Q Sensor for the City on the Threshold of Stress: Degenerative Dimension of the Sound Atmosphere

Q Sensor for the City on the Threshold of Stress: Degenerative Dimension of the Sound Atmosphere

Sana Layeb (University of Carthage, Tunisia) and Mohsen Ben Hadj Salem (University of Carthage, Tunisia)
DOI: 10.4018/978-1-5225-9238-9.ch007

Abstract

The urban atmosphere evokes several sensory registers that participate in our perception of singular tonalities, of our daily situations. Tunis is, in this chapter, the space-time that would serve as a framework for our hearing. The experimental protocol is threefold. The authors quantify users' feelings through the commented walk method and especially by objective measures of electrodermal activity. The authors conducted in situ metrological work on the sound signal. These measurements were taken using a device “Q sensor.” This device quantifies emotional arousal by measuring electrodermal activity (EDA). The data collected were compared and crossed to identify the links between the architectural configurations of the public space, the sound signals, and the ways in which the feeling of stress appears. The results indicate that urban stress situation seems complex and enjoyable to explore using a multidisciplinary approach. A future direction was presented to the urban settings through the draw on a variety of disciplines, including urban planning, architecture, and psychology.
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Introduction

The contemporary city tends to be more and more inhospitable (Paquot, 2015)1. Designers often forget that human beings are in search of a place to live, to flourish and to withdraw. Today, this quality of the city is in danger, or even on its way to extinction. Current research on the city and architecture can no longer consider public space as a simple container. It is a modular and combined universe of physical and experienced properties. Indeed, it is through our different senses that it is heard, seen, felt and perceived. Sound phenomena are one of the major phenomena that influence man's relationship with his daily urban environment. They have an important role in our experience, our perception and our representations of the built space.

This chapter aims to reveal a particularity of this sensitive dimension, that of its responsibility in the appearance of the feeling of stress. In the absence of deep knowledge of its involvement in the perception of urban sound atmospheres, architects and urban planners have difficulties in integrating it into their decisions, which can sometimes have serious consequences on our urban experiences. We are looking, in this chapter, for suggestions of reflections and actions based on this sensory component. Cities could and should re-invent themselves, freeing them from these degenerative trends.

Observations made on different dense urban fabrics show that urban intersections condense a part of the city's emotionality. With the incessant movements of the automobile and pedestrians and the difficult sharing of public space, several perceptual phenomena are intertwined to give meaning to the urban character. Streets and boulevards present the structure that ensures a dual role of driving, distributing and organizing urban spaces. They can be wide and narrow in a regular pattern, such as that of colonial cities, or twisted arborescent like medieval or Arab cities. Aldo Rossi defines the street as a rectangular scene, it is the place of meetings, conversations, games, disputes, demonstrations, pride, seduction companies (Rossi, 1966, p.105). The street is the support for various human and social activities.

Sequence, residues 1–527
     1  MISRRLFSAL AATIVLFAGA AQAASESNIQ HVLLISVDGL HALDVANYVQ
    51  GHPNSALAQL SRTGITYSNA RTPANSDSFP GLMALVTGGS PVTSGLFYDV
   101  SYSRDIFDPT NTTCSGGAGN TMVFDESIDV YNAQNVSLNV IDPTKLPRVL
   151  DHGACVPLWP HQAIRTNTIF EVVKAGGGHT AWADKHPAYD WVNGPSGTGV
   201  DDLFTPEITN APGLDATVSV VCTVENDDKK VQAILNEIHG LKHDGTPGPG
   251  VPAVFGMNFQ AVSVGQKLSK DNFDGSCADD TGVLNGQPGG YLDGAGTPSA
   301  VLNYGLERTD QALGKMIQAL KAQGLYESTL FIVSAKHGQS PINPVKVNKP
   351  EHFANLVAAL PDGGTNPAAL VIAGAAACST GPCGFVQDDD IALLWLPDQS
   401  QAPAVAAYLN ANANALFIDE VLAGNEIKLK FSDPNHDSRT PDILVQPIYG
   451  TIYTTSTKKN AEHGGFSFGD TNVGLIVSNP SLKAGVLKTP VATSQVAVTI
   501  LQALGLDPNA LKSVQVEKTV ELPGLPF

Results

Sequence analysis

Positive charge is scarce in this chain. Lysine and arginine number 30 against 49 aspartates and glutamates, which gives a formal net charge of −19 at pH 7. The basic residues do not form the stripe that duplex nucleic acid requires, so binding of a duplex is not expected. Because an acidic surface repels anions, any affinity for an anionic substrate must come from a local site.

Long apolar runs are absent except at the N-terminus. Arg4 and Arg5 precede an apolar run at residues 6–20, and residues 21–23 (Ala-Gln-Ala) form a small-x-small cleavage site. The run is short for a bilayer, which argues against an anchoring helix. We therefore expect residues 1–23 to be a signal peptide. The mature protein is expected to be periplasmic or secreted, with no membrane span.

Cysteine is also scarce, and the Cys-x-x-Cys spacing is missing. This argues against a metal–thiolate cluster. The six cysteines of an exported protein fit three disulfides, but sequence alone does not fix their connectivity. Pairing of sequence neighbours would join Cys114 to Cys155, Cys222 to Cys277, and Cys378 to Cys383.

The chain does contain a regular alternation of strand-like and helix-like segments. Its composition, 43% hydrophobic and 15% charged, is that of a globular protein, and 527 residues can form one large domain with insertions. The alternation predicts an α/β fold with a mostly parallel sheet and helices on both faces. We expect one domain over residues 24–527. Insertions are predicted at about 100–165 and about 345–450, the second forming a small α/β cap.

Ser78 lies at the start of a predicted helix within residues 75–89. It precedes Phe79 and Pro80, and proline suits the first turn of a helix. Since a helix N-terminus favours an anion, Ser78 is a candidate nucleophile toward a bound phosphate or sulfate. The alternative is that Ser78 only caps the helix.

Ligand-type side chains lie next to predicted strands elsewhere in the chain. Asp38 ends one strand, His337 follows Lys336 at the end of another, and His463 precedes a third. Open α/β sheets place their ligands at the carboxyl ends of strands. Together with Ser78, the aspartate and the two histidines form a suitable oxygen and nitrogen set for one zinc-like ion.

Hearing is no longer the sense that gives us the company of the street (Chelkoff, 1996, p.13), as Marcel Proust described it, but rather a real discomfort and a real sound stress, as shown by the statistical data of the CSTB (Scientific and Technical Center for Building)2, since the late 1980s. These data concern France, but we can affirm that this observation remains true in the countries of the southern Mediterranean, as attested by the AFP (France Press Agency) report, describing Cairo. In addition to record air pollution, Cairo has a permanent cacophony that makes it one of the most unbearably noisy capitals in the world, according to scientific studies. Horns honking, loud music, calls for prayer from the speakers and constant traffic, all these noises turn into cacophony in an overcrowded megalopolis of seventeen million people [...] (AFP, 2008). The first condition for rigorous analysis, of the occurrence of the noise nuisance, is a careful exploration of the complexity of the sound situation, in its different aspects: morphological, sensory and physical. The urban atmosphere brings together several sensory registers that contribute to our singular perception of our daily situations. Sight, hearing, smell, etc., are involved in the sketches of our urban apprehensions. More specifically, the sound dimension is a way to capture the world in a collective and shared experience. A process that can be disruptive and stressful.

Tunis is here the space-time that would serve as a framework for our hearing experience. The experimental protocol is composed of three parts. We will simultaneously quantify the users' feelings through objective measurements of their electrodermal activity (EDA) and capture the present sound signal, in addition to the different perceptual investigation techniques.

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